Daniel Kaluuya hosted Saturday Night Live for the first time on April 3, and during his monologue, he tackled everything from racism in America versus the United Kingdom, his Golden Globes mishap, and so much more,
When discussing the topic of racism, Kaluuya points out that “British racism is so bad, white people left. They wanted to be free — free to create their own kind of racism.” When it comes to accidentally being muted during his recent Golden Globes acceptance speech, the Get Out star offered no explanation but did joke that being muted during his own acceptance speech felt like he was “in the Sunken Place.”
Another subject brought up by Kaluuya was something a lot of people probably don’t know: the big role that Kenan & Kel played in his early acting career. In his monologue, he recalled a sweet anecdote from his childhood that explains his love and appreciation for the popular show.
“When I was 9 years old, I wrote a play that got performed at Hampshire Theatre with real actors and everything. This is a true story — that play was based on Kenan & Kel. And that play led me down a path that got me to this stage tonight with Kenan backstage right now,” he said. He ended his monologue by thanking the holy trinity: his mom, God, and Kel Mitchell.
Check out Daniel Kaluuya’s monologue for yourself down below:
Daniel has snagged a nomination for Best Supporting Actor at this year’s Oscars for his role in Judas and the Black Messiah.
Back in March, the 32-year-old British actor gushed about the exciting news telling fans:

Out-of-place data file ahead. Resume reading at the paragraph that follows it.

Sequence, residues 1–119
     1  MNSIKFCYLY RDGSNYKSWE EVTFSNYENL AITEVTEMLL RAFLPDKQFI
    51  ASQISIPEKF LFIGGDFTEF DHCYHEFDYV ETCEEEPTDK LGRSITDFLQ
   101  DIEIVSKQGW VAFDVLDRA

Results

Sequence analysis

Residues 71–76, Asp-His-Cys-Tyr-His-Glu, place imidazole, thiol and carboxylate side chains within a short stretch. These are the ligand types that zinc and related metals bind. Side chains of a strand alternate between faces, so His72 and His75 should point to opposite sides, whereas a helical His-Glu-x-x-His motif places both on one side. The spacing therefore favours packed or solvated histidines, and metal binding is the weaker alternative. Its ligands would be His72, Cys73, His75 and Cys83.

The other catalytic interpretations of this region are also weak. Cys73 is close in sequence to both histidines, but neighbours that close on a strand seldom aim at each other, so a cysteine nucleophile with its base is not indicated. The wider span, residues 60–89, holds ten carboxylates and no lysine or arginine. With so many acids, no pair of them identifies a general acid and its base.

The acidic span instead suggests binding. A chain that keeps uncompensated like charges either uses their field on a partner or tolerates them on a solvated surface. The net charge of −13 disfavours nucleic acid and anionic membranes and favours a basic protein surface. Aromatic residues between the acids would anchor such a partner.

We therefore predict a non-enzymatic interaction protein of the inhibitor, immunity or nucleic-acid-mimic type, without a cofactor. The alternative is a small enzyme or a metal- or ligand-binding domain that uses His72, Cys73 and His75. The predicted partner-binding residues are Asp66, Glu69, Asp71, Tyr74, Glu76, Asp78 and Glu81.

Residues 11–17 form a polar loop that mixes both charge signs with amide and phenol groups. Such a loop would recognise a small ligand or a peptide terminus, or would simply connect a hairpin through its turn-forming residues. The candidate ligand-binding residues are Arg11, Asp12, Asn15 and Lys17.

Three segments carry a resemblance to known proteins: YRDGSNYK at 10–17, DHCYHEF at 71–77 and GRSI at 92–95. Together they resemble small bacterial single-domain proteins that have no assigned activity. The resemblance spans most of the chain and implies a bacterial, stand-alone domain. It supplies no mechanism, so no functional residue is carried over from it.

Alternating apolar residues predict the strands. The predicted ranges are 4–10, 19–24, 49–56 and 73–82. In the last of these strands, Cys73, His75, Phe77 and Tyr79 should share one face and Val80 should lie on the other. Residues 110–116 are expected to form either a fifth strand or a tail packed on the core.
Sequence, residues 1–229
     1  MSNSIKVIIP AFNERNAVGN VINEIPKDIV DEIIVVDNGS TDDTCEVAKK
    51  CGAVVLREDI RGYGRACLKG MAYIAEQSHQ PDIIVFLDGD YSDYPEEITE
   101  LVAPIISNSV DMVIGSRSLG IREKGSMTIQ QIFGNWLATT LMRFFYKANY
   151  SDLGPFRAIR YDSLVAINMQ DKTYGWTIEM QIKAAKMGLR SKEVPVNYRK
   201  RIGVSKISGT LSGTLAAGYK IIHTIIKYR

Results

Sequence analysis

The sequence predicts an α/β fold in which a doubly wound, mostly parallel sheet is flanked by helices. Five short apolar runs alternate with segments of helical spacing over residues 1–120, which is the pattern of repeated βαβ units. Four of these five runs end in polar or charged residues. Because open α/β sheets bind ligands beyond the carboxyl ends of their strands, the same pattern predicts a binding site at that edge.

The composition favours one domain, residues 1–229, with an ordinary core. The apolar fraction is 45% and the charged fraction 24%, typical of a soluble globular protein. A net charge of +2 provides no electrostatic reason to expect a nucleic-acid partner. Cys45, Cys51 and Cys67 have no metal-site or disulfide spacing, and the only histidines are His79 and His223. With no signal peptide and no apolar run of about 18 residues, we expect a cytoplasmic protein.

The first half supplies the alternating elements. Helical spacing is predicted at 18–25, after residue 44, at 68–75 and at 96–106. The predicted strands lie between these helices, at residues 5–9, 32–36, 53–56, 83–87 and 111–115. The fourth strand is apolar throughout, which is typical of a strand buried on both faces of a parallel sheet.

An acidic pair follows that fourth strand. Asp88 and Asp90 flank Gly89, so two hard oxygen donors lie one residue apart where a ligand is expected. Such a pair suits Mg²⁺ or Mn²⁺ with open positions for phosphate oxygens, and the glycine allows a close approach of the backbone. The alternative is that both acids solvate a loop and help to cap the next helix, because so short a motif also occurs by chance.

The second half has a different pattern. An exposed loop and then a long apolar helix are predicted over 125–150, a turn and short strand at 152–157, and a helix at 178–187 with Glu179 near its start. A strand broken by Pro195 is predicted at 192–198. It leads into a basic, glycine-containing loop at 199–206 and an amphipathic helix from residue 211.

“Chairman Fred Hampton was a light, a beacon of a being who would illuminate all he touched with his incredible message. With the ability to command any stage and robbed of his opportunity to captivate a global audience. He created strategies that supported and uplifted the black community but also unified other communities with his laugh, his mind, his passion, and his love. Today, I am humbled to be nominated for portraying a man whose principles I deeply respect and for guiding me to walk in his footsteps. With the blessing of Chairman Fred Hampton’s family, and the unwavering support from Ryan Coogler, Shaka King and Charles King, and the cast led by LaKeith Stanfield and Dominique Fishback, I became a vessel for Chairman Fred’s spirit at a time when we need his rally cry for equality and justice more than ever. I commend my fellow nominees for their impressive work. To be seen and celebrated by my peers in the Academy of Motion Picture Arts & Sciences is beautifully humbling and I am deeply grateful. Thank you.”